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Aristotle on Teleology$
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Monte Ransome Johnson

Print publication date: 2005

Print ISBN-13: 9780199285303

Published to Oxford Scholarship Online: February 2006

DOI: 10.1093/0199285306.001.0001

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Teleology and Humans

Teleology and Humans

Chapter:
(p.211) 8 Teleology and Humans
Source:
Aristotle on Teleology
Author(s):

Monte Ransome Johnson

Publisher:
Oxford University Press
DOI:10.1093/0199285306.003.0009

Humans are capable of intentionally pursuing goals that they consciously set for themselves, and thus a different order of teleology applies to them, one which places them in the domain of ethics and politics. Every inquiry, art, and science has a goal, and they can broadly be classified into the productive-practical on the one hand, and the theoretical, on the other. Practical knowledge aims at practical goods by grasping causes for the sake of producing effects, while theoretical knowledge aims at grasping causes for the sake of knowledge itself, an intrinsic good. The ultimate good for a human can be identified by a process of elimination: whatever is the highest good for another kind of organism cannot be the unique good for this kind of thing, and so the end of human life cannot be nutrition, reproduction, growth, perception or pleasure, for these are the proper goods of other kinds of organisms. This leaves knowledge, in particular theoretical knowledge. It is argued that Aristotelian teleology cannot be anthropocentric, or else it would be impossible to identify the unique human good by elimination, and the activity of the final good for humans (contemplation and knowledge of causes) would have no real object.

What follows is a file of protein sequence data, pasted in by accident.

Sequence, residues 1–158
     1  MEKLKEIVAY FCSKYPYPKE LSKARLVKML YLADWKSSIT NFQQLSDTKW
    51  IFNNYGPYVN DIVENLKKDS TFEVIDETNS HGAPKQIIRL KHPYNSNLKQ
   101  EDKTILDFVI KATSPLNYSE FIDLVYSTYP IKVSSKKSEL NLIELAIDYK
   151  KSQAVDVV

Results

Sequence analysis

Keywords:   anthropology, humans, intentionality, art, science, anthropocentrism, animals, plants, environment, politics

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